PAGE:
Paul Brown knew that Otto Graham would be the player he built his team around and quickly adopt Marion Motley as another offensive stud.  The man who helped stir that drink was an unexpected player named Frank Gatski. Gatski played college football at Marshall and then enrolled in the American military during World War II.  Following the war, Gatski tried out and…
We can't even imagine what it must have been like for Leroy Kelly to follow in the footsteps of Jim Brown.   Realistically, who could?   Despite this, Kelly, who was taken in the NFL Draft in 1964, was initially Brown's understudy and assumed the starting role when Brown shockingly retired.  Kelly thrived, going to six straight Pro Bowls (1966-71) and winning the…

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Dante Lavelli played for Paul Brown at Ohio State, where the duo won the National Championship in 1942.  Lavelli entered the U.S. Military in World War II, and when the conflict ended, he rejoined Brown, who built the Cleveland Browns of the new All-American Football Conference. Along with Mac Speedie, Lavelli was a star at End who led the AAFC in…
Mac Speedie played collegiately at Utah and was a late-round pick (15th) in the NFL Draft.  He did not enter the NFL, opting instead to go to the military to serve the United States in World War II, and when he returned, he tried out, and made the Cleveland Browns of the upstart All-American Football Conference. Browns' Head Coach, Paul Brown,…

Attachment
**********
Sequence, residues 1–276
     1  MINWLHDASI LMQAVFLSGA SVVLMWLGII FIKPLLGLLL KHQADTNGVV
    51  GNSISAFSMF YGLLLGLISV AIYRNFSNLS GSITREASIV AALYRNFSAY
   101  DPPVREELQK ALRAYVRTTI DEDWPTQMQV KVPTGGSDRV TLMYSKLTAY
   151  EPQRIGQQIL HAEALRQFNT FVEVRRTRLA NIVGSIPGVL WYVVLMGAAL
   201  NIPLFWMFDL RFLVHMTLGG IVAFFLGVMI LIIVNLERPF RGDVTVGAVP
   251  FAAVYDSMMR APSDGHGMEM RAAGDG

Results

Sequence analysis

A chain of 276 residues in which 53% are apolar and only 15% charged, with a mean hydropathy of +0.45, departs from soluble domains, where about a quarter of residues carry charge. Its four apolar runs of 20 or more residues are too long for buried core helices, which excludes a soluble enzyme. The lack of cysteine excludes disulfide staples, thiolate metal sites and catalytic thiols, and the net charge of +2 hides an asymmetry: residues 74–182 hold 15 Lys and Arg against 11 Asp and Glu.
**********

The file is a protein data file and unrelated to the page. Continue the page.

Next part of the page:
From USC, Clay Matthews Jr. was the son of a four-year NFL vet, Clay Matthews Sr., and the brother of Bruce Matthews, who would enter the Pro Football Hall of Fame.  Clay Jr. did not make it to Canton, but many in Cleveland feel that he should have. Matthews Jr. was taken in the First Round in 1978, and in his…
A National Champion at Michigan in 1947, Len Ford signed with the Los Angeles Dons of the AAFC, but the Dons were not one of the teams that would be absorbed into the NFL when the two leagues merged after the 1949 Season.  The Cleveland Browns took Ford in the Dispersal Draft, who was one of the teams that the NFL…